The Living Waters of Transylvania
Fifteen minutes’ drive out of Székely-Udvarhely in Transylvania, we have to make another stop again. Stopping here is a Transylvanian customary ritual not to be missed. We are at Homoród, the famous natural sparkling mineral water spring. We grab our empty bottles, given to us by my great-aunt, Sárika néni, and make our way down the aged stone steps to the constantly flowing fountain. The strong mineral smell hits us as I notice the predominant orange coloured tint on the stones where the water spills onto the ground. Equal to its flow, are the people who make their pilgrimage to the pristine waters of this spring. It is not unusual to see the locals here filling cratefuls of one or two-litre bottles at a time, stacking them in hand or horse drawn carts to pull away, or these days more fashionably, by an upmarket European car.
While it may not be common knowledge today, Transylvania is a veritable gold mine of natural and healing mineral water springs, which are spread amply throughout the Carpathian Basin. In Borszék / Borsec, a town hidden away in the Eastern Carpathian ranges, the local word for Mineral Water was coined. Its name Bor-viz, in Hungarian, literally translates to Wine Water. The museum curator at Borszék told us the origins of this word. It derives from the 1890s, when Borszék was actually known worldwide for its incredibly powerful healing and refreshing mineral waters. At the time, it was exported to over 15 countries, reaching as far as South Africa, South America, the Middle East, North America and even as far as New Zealand. In 1890, one 750 ml bottle of water was more expensive than the finest equivalent bottle of local wine and thus, the term Wine Water was born.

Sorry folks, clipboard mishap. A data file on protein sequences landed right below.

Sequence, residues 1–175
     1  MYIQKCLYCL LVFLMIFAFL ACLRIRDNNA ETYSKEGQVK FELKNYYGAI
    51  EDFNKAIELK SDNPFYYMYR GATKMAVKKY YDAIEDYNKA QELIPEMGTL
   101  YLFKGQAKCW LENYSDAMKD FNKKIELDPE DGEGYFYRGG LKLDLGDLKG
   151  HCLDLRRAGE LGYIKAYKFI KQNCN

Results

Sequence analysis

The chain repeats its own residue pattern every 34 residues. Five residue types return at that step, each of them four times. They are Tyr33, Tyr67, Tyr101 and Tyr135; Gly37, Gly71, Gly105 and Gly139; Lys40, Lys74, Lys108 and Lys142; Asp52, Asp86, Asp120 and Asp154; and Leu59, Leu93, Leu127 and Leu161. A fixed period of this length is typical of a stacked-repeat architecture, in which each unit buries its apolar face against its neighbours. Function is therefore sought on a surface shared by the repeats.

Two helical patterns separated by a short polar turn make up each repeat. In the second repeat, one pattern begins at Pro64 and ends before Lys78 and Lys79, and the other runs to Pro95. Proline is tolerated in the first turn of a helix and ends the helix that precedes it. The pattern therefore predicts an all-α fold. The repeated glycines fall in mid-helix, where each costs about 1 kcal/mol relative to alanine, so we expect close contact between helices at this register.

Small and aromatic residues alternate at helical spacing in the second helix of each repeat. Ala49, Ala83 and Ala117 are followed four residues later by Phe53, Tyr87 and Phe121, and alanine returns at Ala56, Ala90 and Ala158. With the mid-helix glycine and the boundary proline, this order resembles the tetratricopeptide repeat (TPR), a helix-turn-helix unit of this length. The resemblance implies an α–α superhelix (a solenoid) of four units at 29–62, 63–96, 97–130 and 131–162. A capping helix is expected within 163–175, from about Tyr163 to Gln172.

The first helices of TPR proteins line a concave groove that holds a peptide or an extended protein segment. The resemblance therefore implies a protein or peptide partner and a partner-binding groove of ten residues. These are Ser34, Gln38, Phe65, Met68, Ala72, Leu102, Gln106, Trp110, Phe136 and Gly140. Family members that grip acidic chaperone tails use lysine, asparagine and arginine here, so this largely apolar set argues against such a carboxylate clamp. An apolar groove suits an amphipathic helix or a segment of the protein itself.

In its heydey, in the early 1890s Borszék was the equivalent of a billionaire’s playground, where its extravagant, unique Transylvanian styled villas were frequented by Europe’s royalty and the incredibly wealthy. Surrounded by pristine pine forests, you might even mistake it for a village nestled away somewhere in the heart of the Swiss Alps.